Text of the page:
2020 has ended on a high note for community-minded Stephen Pratt – the ‘quiet and unassuming’ Sedgefield man is celebrating after being recognised in the Queen’s New Year Honour list.
Stephen, 65, volunteers his time at both North Tees and Hartlepool NHS Foundation Trust and local charity A Way Out. His commitment and hard work has today been rewarded with the British Empire Medal for services to the community.
For the Trust, Stephen works as a volunteer cleaner at the University Hospital of North Tees, focusing on disinfecting various ‘touch points’, such as door handles and hand gel dispensers, ensuring they are safe to use and limit the chances of cross-infection. In the run up to Christmas, big hearted Stephen also collected food, toys and gifts donated by staff and delivered them to local foodbanks.
Stephen began his Trust volunteering just last March, at the height of the first wave of the COVID-19 pandemic.
Stephen said: “I was shocked. Really shocked! I volunteer to give something back to the community, not for any kind of praise.
“I started volunteering at the hospital when I saw volunteer co-ordinator Paul Wharton being interviewed on TV. And I thought ‘he seems like a bloke I could work with’ so I got in touch.
“There’s not much I can do to fight COVID-19, but my cleaning helps and I’m pleased to do my bit.
“There’s loads of great volunteers in our area – the honour is for them as much as me.”
“We’re all so proud of him”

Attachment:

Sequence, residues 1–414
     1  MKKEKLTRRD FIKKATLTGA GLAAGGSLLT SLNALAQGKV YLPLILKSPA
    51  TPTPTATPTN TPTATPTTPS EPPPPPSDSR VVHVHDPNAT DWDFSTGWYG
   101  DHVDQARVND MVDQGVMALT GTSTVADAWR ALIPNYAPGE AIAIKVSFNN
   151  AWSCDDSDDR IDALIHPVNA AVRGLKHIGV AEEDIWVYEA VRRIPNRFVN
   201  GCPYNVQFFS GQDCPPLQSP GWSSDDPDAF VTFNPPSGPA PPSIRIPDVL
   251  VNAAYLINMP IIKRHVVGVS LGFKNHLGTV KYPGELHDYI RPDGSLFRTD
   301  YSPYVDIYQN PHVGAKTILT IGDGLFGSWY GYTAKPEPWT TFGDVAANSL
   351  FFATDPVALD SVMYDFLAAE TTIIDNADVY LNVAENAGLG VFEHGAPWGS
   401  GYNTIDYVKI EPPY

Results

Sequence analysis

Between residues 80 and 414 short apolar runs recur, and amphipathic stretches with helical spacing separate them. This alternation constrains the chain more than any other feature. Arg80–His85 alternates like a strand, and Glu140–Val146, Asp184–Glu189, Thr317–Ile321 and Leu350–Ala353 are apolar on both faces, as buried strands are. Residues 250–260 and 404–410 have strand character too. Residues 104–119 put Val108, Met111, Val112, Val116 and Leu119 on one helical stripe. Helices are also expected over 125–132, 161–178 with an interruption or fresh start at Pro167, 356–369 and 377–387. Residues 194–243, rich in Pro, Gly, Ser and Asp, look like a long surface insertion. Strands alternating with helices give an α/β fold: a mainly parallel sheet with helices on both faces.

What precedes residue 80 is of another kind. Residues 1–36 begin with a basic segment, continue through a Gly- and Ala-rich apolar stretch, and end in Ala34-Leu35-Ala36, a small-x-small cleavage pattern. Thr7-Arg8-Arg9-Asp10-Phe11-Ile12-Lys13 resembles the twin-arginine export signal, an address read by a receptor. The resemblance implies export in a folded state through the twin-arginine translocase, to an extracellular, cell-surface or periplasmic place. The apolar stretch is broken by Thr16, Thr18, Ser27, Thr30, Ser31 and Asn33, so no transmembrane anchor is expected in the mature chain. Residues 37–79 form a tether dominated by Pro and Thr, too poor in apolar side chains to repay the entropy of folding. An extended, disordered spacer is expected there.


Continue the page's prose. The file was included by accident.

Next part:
Paul Wharton, Trust volunteer coordinator said: “I was reading the local newspaper this morning, looking at those who had received honours and saw Stephen’s name! it just jumped out at me.
“In his short time here, Stephen has made a massive impact. He’s friendly, well liked and works really hard.
“Our volunteers are part of the family and they play an essential role. Stephen has quickly become the standard bearer for them all.
“We’re all so proud of him.”
A Way Out
Volunteering for A Way Out every week for the past 12 years, Stephen began by offering his excellent joinery skills to help to create A Way Out’s bespoke centre, creating a welcoming and safe space for women experiencing multiple disadvantages. The centre also supports local young people and families across the Tees Valley.
He has also been responsible for collecting weekly food donations and making up weekly food parcels to support all of A Way Out’s clients.
A Way Out’s chief executive Sarah McManus commented: “This really is fantastic news. This quiet and unassuming man is exceptional in his support of the local community.
“Steve’s dedicated volunteering for A Way Out has been absolutely amazing and this award is very much deserved. Well done Steve!”
Stephen Pratt BEM is awaiting notification of the official ceremony to present him with his honour.
For more information about becoming a volunteer, visit our volunteers page.